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Praying for Peace, Hoping for Unity

The familiar priestly blessing, contained in this week’s portion, states: “May the Lord bless you and keep you! May the light of the Lord’s face shine upon and be gracious to you! May Lord always be present in your life and grant you peace!” (Numbers 6)

In its original formulation it was a blessing offered by the ancient priests for the Jewish people. The Torah continues “Thus shall you bless the people of Israel. Say to them: ‘The Lord bless you…’” The grammar appears incorrect. The “you” of the blessing is in the singular not the plural. Why would a blessing directed to “them” be formulated in the singular?

Rabbi Simhah Leib, a Hasidic rebbe, comments: “The priestly blessing is recited in the singular, because the most important blessing that the Jewish people can have is unity.”

I am leaning on his wisdom during these trying and difficult days when Jews shout and scream at one another. We hear, “You’re too critical of the State of Israel in its hour of need and urgency!” Or, “You’re too forgiving of Israel’s wrongs and missteps!”

People often mistake unity for agreement. A group can be unified but not always agree. Disagreements, passionate debates, are part of any healthy relationship or community. There must, however, be a unity of purpose and mission.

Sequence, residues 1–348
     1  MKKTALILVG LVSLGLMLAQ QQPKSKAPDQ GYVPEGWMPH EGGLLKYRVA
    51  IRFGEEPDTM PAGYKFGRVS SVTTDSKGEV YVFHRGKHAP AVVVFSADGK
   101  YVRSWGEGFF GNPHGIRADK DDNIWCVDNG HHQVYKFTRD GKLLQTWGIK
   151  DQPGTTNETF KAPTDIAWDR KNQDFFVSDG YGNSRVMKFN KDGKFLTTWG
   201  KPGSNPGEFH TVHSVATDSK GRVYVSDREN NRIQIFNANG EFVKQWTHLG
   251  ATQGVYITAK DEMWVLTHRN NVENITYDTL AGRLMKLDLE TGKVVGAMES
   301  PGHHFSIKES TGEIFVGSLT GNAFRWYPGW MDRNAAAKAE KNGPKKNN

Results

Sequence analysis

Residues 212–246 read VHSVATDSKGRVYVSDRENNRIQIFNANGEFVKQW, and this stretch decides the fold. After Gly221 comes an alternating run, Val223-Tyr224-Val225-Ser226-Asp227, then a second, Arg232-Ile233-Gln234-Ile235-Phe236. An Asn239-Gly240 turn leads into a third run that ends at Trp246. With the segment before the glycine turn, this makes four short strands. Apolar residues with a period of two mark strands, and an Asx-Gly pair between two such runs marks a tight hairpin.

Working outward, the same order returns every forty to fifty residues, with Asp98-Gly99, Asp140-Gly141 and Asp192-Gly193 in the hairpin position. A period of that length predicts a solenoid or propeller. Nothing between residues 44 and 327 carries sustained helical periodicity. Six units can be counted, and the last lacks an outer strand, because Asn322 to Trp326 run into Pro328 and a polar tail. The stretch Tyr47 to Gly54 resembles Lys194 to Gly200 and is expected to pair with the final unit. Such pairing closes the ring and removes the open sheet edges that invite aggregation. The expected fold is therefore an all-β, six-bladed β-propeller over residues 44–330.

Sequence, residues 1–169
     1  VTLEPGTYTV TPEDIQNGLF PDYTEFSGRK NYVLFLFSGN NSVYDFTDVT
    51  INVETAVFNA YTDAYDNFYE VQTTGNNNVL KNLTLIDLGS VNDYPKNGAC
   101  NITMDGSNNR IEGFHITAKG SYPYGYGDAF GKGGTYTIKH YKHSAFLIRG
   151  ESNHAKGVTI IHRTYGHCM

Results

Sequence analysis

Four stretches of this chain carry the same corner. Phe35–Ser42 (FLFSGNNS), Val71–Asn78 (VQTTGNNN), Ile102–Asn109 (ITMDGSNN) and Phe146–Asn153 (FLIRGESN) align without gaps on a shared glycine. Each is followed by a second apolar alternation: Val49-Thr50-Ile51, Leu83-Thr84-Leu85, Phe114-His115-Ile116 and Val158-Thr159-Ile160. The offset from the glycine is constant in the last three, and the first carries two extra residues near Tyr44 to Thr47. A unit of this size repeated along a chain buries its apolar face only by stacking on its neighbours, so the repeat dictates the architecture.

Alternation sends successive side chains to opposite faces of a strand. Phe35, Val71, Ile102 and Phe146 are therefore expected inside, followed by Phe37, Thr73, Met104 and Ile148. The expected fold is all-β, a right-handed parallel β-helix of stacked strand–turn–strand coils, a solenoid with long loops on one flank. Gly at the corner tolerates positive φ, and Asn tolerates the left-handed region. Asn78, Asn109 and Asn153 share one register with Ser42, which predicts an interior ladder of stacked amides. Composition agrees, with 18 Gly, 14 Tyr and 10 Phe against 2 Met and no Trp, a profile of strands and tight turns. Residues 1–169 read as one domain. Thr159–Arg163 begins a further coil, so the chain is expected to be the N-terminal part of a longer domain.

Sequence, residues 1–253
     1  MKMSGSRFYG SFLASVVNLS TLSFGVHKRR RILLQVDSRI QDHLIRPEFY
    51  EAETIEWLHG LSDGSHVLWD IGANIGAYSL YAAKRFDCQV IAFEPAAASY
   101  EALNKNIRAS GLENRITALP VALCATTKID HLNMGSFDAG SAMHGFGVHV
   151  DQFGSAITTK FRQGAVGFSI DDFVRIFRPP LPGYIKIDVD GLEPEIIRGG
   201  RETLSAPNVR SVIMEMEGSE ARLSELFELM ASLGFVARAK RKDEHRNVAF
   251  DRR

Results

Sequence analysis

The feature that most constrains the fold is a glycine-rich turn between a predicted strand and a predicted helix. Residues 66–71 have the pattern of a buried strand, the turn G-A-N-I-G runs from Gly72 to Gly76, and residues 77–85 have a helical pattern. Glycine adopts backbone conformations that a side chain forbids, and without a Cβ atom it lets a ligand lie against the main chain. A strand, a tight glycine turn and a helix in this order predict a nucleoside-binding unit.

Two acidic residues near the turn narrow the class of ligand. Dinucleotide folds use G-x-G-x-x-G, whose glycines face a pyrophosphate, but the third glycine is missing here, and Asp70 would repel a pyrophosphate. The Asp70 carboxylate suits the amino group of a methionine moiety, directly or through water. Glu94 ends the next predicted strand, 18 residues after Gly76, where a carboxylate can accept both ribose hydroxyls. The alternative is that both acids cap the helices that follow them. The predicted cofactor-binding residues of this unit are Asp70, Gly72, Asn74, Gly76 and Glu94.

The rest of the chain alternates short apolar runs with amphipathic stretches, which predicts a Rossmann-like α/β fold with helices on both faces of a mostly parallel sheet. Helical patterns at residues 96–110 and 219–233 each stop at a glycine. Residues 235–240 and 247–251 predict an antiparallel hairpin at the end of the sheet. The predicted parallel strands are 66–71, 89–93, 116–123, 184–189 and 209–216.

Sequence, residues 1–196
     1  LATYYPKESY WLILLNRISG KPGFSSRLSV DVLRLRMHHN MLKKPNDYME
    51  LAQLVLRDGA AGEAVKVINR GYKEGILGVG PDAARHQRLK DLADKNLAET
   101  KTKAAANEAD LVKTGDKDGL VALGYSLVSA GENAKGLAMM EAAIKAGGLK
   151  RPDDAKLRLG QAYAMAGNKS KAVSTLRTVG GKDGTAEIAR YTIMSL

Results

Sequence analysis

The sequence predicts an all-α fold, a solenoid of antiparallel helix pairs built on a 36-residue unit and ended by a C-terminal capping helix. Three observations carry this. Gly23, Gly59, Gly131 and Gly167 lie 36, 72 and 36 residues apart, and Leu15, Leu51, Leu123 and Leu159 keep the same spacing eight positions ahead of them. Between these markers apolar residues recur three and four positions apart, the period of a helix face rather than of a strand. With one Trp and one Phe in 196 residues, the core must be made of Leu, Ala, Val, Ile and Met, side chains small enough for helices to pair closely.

I wonder if we have lost this unified vision. And I wonder, if this is why we are no longer able to tolerate disagreements or abide criticisms. Losing sight of a shared mission creates disunity. Do we continue to share the belief that the purpose of leading a Jewish life is not only to teach children how to perform Jewish rituals or to make sure that each and every child has a bar or bat mitzvah, but to relieve the suffering we see in our broken world?

The purpose of the Jewish people’s survival is to make the world better. Abraham Joshua Heschel once remarked, “To be a Jew is either superfluous or essential.” He then continues, “We learn the purpose of Jewish existence: we are obligated to live lives that will become Torah, lives that are Torah.”

The study of Torah, the path of Torah, is a means not an end.

That remains the vision I hold before my eyes. Elie Wiesel affirms, “The mission of the Jewish people has never been to make the world more Jewish, but to make it more human.” It is not just about us.

Can we ever fulfill such a grand vision if we remain divided about the nature and purpose of our existence?

Unity remains our most fervent prayer.

“May the Lord grant you peace.”